It was a big eating weekend starting last Friday with a lunch so spectacular it rates among the greats. Our days are more leisurely since lockdown, because we do the show from home every day. It’s live weekdays 2-4 on WGSO AM 990, so that makes getting lunch a little tighter.
Especially when we decided to make it more ambitious.
We didn’t plan to drive to Hammond for lunch until we saw an Instagram post that morning from Jacmel Inn about their daily lunch special for $15.
Owner Paul Murphy is always boasting about his chef Josh Garic and his not-quite-unbiased opinion that Josh is the best chef on the north shore. Paul Murphy is a skilled restaurateur with an impeccable palate, and I agreed that his chef was a contender. Now I couldn’t agree more. It’s no idle boast. That $15 lunch was the stuff of dreams.
If I am checking something out, I am going to check it out. I was going to stick to the offered menu for $15. Tom doesn’t do that. The lunch three-course prix fixe has four choices of entrees, two appetizers and a single dessert.
Tom immediately veered from the plan and ordered the onion soup. First course on the prix fixe was soup or salad. The soup du jour was a creamy corn bisque. (Yawn) I thought, until I had the first spoon. The complexity of flavor was nothing I have had before. How could a simple creamy soup taste like this? A healthy dose of pepper that wasn’t basic black pepper, and a blend of other flavors came together in such perfect harmony it made a powerful statement. This was utterly fabulous, but not as good as the basic onion soup Tom ordered as a first course, deviating from the prix fixe.
There was absolutely nothing basic about this onion soup. I could tell from first glance that this would be the onion soup of my life. It was dark, hearty, and richly aromatic from a beef and wine reduction, with crusty croutons peeking out from bubbling cheese, little shreds of oxtail meat mingling with the caramelized onion. This came in a large bowl, but it was not large enough to accommodate the desire to eat it indefinitely.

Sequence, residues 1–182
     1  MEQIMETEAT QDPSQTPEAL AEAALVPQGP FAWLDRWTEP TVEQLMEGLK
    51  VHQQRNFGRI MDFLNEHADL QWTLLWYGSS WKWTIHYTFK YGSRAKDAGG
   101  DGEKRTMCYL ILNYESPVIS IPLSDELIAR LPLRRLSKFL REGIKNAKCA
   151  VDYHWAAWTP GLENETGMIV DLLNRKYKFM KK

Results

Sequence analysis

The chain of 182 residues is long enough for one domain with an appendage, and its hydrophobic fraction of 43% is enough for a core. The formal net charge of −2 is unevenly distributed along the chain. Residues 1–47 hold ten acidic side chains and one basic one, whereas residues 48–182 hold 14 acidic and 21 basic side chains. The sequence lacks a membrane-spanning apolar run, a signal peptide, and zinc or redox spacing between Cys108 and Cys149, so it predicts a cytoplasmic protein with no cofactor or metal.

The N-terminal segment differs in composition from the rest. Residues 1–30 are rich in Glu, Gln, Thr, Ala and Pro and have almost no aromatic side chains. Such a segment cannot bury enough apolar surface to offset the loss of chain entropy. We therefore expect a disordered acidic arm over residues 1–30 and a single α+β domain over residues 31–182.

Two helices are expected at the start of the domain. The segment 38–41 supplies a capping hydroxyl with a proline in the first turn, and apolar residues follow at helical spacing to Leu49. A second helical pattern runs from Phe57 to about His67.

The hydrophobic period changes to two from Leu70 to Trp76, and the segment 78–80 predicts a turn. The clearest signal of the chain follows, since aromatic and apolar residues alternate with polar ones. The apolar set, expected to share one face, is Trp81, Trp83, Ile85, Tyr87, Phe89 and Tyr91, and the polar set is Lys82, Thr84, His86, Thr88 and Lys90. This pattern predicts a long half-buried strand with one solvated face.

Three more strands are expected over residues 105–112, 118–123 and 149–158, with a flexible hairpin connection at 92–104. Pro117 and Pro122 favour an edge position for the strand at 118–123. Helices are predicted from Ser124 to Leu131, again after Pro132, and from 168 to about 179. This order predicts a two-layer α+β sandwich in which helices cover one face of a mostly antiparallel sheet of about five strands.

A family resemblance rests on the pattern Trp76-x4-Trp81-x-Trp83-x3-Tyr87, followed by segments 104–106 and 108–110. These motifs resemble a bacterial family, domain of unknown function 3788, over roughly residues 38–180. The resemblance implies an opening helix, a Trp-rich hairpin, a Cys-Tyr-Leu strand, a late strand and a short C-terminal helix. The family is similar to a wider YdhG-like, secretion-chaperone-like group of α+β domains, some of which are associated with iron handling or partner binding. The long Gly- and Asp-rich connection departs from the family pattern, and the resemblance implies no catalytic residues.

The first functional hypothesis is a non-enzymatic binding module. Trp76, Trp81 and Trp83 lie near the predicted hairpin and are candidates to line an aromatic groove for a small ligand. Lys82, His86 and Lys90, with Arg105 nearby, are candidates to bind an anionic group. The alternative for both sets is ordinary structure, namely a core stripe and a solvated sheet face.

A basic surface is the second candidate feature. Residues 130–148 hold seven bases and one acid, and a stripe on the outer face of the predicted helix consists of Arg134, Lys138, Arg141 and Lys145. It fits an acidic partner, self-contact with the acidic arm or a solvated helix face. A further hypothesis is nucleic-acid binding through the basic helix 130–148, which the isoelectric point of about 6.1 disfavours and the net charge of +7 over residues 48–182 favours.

No one got a salad, though those looked great too.
There were four choices of entrees on Friday, and one of them was a Reuben, which seemed like a waste in a place like this. Normally I would jump on a grilled salmon over lentils, but for some odd reason Tom ordered that. I was left with a choice of paneed pork with corn maquechoux and sweet and sour tomatoes, or a basic boring chicken breast. Except this was not a basic boring chicken breast, it too was the chicken breast of my life. I have never had anything like this. A boneless skinless chicken breast has very little potential I think, but clearly I had heretofore missed the possibilities. This was chicken literally cooked to perfection, and I don’t mean that in the usual trite way. It was not the slightest bit undercooked, and it was not the slightest bit overcooked.
It rested atop a bed of basic grits, but again, there wasn’t a thing basic about them. Also perfectly cooked, they were topped with a layer of collard greens. These too were sensational.There was a thin layer of pot liquor which pooled at the edge of this dish. It was absolutely gorgeous, and tasted even better. I just couldn't believe this.
Tom was equally enthralled with his salmon and lentils, though I wasn’t the least bit jealous. I was so busy devouring mine a quick bite of his was enough. I was glad he took my usual, or I would have missed the spectacular.
There was a chocolate terrine for dessert, and it too was the height of luxury. Deep chocolate creamy center with a dark chocolate shell. Not really Tom’s thing, but it was certainly mine. So rich I took it home after one bite to savor later.
We ran into Mick Zatarain, who lives just steps away and is sort of a fixture here. It is always nice to see him. Paul was not there, but I know that the next time we see him he will sing the praises of Josh Garic. And instead of nodding noncommittally, we will wholeheartedly concur.
903 E Morris Ave
Lunch Wed-Fri 11:30-2
Dinner Tu-Th 5-9 Fri/Sat till 10